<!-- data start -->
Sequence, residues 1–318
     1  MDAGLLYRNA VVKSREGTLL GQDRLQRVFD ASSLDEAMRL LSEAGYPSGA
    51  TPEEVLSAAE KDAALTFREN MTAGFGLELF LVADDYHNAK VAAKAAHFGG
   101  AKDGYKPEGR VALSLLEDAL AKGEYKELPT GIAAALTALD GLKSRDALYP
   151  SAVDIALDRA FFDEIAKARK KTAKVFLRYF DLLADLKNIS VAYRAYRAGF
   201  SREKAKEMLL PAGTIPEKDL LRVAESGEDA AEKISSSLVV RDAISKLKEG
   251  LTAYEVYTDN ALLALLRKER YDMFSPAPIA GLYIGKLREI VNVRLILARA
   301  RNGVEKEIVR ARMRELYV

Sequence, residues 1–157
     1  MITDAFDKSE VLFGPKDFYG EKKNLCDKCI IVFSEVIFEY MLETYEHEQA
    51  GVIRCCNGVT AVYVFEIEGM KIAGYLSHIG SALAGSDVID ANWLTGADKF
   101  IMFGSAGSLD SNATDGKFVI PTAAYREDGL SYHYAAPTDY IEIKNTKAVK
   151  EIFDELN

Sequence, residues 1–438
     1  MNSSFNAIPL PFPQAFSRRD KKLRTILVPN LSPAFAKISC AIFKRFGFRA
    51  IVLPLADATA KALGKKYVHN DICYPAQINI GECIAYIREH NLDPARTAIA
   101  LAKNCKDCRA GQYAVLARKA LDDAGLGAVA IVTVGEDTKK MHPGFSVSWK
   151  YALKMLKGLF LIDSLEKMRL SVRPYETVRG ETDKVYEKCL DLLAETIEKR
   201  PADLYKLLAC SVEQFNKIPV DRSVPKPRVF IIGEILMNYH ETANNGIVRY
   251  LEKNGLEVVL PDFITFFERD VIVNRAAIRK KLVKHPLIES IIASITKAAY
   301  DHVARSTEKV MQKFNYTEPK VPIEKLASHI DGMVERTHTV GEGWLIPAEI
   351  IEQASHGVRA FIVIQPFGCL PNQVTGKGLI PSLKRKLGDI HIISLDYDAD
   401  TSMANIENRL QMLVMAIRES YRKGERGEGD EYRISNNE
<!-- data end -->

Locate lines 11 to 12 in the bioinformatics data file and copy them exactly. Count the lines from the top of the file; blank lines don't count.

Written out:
    51  GVIRCCNGVT AVYVFEIEGM KIAGYLSHIG SALAGSDVID ANWLTGADKF
   101  IMFGSAGSLD SNATDGKFVI PTAAYREDGL SYHYAAPTDY IEIKNTKAVK